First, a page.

Taylor Swift fans are hoping to glimpse the celebrity singer at a Denver federal court Tuesday as her civil trial involving a groping allegation against a former DJ moves forward. (Aug. 8) AP
On the opening day of the Taylor Swift groping trial, a former DJ denied ever touching the pop star’s buttocks at a photo session before her concert in 2013.
Former radio host David Mueller, who sued Swift two years after being fired by his radio station as a result of the encounter, testified Tuesday at the civil trial in Denver that he may have touched Swift’s “rib cage, or rib, or ribs” with a closed hand as he tried to jump into a photo with the celebrity.
The ex-disc jockey said he and Swift were trying to reach around one another and their hands and arms touched during a meet-and-greet that he estimated lasted 40 seconds or less.
Jurors were shown a photo of the encounter, which has been sealed. The photo in question shows Mueller with his hand behind Swift, just below her waist, at the pre-concert event. Swift and Mueller are both smiling in the picture.
“If you look at that photograph, his hand is not underneath Miss Swift’s skirt, and her skirt is not rumpled in any fashion,” said Mueller’s lawyer, Gabriel McFarland.
Swift’s lawyers have called the image “damning” proof that Mueller inappropriately touched her.
Swift, who has countersued Mueller, was present Tuesday in court as an eight-member jury was selected to hear her civil trial.
The pop star’s mom, Andrea Swift, grew emotional in court, crying as opening statements got underway, causing the singer to often look her way, swallow hard or whisper to her lawyer.
Mueller’s lawyer began Tuesday with an opening statement telling the jury that inappropriate touching is offensive and wrong but that “falsely accusing someone of inappropriate touching is equally offensive” and wrong.
During his testimony, Mueller said that he wants to vindicate himself and recoup lost earnings after being fired from his dream job over the claim.
He said he was earning $150,000 under a two-year contract that began six months before the concert.
In his opening statement, Swift’s lawyer Douglas Baldridge was resolute about what occurred before the 2013 concert. “That’s the one and only story we have to tell you — that Mr. Mueller grabbed her rear end,” Baldridge said, also emphasizing the age difference between Mueller, then 51, and Swift, then 23.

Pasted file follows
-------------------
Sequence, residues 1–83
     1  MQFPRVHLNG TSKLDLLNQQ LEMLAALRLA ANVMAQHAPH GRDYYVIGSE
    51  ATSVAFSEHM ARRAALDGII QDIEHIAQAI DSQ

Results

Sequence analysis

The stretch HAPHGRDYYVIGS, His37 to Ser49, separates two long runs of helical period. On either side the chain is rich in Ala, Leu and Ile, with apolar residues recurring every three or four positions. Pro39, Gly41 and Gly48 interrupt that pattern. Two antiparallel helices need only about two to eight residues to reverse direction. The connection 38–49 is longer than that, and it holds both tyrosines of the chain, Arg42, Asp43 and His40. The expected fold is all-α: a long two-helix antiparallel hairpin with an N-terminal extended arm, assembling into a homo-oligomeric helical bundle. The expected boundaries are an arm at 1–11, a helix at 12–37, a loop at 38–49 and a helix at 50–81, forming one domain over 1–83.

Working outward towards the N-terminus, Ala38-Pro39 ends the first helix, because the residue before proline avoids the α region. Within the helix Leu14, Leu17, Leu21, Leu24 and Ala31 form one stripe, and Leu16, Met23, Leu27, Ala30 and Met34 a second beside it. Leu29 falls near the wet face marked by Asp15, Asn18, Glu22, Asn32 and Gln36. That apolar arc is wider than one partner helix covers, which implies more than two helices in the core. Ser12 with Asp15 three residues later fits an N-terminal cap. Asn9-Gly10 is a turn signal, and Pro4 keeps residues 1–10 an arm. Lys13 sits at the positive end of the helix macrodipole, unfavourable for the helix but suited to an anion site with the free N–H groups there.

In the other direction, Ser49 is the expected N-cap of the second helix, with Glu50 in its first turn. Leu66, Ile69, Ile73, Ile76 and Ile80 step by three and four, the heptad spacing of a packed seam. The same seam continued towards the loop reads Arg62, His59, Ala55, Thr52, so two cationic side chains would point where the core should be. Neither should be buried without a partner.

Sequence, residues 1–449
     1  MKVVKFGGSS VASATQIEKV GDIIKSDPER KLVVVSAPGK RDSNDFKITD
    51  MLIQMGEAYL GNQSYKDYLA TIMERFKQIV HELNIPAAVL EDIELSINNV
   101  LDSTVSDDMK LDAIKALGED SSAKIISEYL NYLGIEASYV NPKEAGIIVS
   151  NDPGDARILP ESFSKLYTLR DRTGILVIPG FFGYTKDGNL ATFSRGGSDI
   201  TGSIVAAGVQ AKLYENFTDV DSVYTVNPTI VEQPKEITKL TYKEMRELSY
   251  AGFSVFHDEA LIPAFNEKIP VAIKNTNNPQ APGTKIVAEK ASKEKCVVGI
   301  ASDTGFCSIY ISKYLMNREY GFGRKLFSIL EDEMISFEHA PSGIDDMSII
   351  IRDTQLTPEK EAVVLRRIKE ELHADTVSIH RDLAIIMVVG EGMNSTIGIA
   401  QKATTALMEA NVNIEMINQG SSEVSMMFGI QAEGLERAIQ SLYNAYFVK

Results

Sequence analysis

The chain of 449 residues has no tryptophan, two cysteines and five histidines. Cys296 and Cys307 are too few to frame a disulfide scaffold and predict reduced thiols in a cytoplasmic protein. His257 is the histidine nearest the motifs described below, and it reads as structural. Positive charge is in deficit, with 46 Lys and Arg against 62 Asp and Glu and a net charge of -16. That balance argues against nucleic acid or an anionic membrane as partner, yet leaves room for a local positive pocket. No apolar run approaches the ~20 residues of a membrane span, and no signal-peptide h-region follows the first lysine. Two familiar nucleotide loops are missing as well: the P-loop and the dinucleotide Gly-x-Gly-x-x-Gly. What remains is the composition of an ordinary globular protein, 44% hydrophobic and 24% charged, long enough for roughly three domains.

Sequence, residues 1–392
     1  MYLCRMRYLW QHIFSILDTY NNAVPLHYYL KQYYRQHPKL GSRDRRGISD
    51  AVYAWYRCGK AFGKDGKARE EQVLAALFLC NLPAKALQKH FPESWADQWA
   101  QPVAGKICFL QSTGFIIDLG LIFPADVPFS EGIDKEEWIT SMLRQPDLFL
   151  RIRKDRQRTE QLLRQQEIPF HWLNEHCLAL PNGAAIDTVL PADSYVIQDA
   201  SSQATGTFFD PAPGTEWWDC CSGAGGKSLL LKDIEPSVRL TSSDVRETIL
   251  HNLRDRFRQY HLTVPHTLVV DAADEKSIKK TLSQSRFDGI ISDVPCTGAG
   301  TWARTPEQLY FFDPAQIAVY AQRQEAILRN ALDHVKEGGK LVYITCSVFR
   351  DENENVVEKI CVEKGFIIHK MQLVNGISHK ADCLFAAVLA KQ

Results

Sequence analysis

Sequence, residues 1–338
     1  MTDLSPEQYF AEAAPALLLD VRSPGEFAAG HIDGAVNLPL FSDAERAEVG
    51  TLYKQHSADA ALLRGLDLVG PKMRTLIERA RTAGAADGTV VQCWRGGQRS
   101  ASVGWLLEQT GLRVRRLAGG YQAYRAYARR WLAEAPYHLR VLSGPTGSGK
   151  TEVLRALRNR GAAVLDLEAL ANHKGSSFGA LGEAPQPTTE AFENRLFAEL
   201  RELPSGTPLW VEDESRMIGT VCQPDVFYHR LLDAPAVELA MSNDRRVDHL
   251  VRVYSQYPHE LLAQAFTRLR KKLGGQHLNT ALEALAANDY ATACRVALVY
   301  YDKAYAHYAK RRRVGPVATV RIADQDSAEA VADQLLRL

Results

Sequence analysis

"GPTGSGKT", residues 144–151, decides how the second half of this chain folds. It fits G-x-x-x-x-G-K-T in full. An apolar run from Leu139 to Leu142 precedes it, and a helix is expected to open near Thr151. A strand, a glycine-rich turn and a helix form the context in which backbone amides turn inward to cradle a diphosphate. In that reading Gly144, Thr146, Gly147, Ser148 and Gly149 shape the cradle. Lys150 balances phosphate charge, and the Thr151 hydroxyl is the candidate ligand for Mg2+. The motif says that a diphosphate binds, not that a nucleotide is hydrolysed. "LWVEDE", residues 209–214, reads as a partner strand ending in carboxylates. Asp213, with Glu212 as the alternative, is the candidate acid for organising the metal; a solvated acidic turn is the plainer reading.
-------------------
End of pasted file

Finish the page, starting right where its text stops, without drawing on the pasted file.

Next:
Baldridge asked jurors: “What’s wrong with this picture? A woman gets assaulted, a woman reports it, and she gets sued.”
In a twist, Mueller also testified Tuesday that one of his station bosses, Hershel Coomer, told him that he had met Swift earlier before the show and that “he told me that he had his hands on her butt.”
“I thought he was just telling me one of his stories,” Mueller said.
But under aggressive cross-examination, Mueller couldn’t explain why he didn’t tell a boss investigating the incident about the exchange with Coomer.
Swift’s lawyer also repeatedly asked Mueller if he could grasp “any reason, incentive or motive for Miss Swift” to make up the allegation or be involved in two years of litigation.
“I cannot,” Mueller replied, conceding at one point that supervisors had discussed the possibility of letting him go even before the encounter with Swift.
Swift has said she is positive it was Mueller who groped her. Coomer is expected to testify at the civil trial.
Swift’s attorney also said Tuesday that Mueller gave seven accounts of what happened and destroyed taped conversations about it with his bosses who fired him.
The attorney says Swift is seeking a symbolic $1 in her counterclaim and isn’t trying to bankrupt Mueller. He says she’s showing others that “you can always say no.”
Outside the federal courthouse, cameras caught Swift’s fans gathering, some since dawn, to scoop up tickets to sit inside the courtroom once the trial began.
Swift’s publicist, Tree Paine, was seen striding into the courthouse. Many lawyers were spotted, but not Swift, who later appeared in court with her hair in a bun and wearing a demure black dress.
According to the Associated Press, Swift and Mueller were seated at separate tables with their lawyers. As on Monday, Mueller had his back turned to Swift.
The case stems from an encounter the two had during a photo shoot at a meet-and-greet in Denver in 2013. He was fired by his radio station after being accused of inappropriately touching Swift’s “bare bottom” during the photo shoot.
Two years later, he sued Swift, her mother Andrea and her management team, denying he groped her and accusing them of slander and getting him fired.
Swift then countersued him, accusing him of groping her, and denying that she did anything to get him fired.
After two years of hearings and depositions, and no sign that either side would agree to resolve the matter out of court, the case has finally come to trial, which is expected to last nine days.
As is customary in civil trials, potential jurors had to fill out a long questionnaire in which they were asked about whether they are fans of either Mueller or Swift, whether they had ever seen Swift in concert, downloaded or purchased her music, or attended the 2013 concert in question.
Contributing:The Associated Press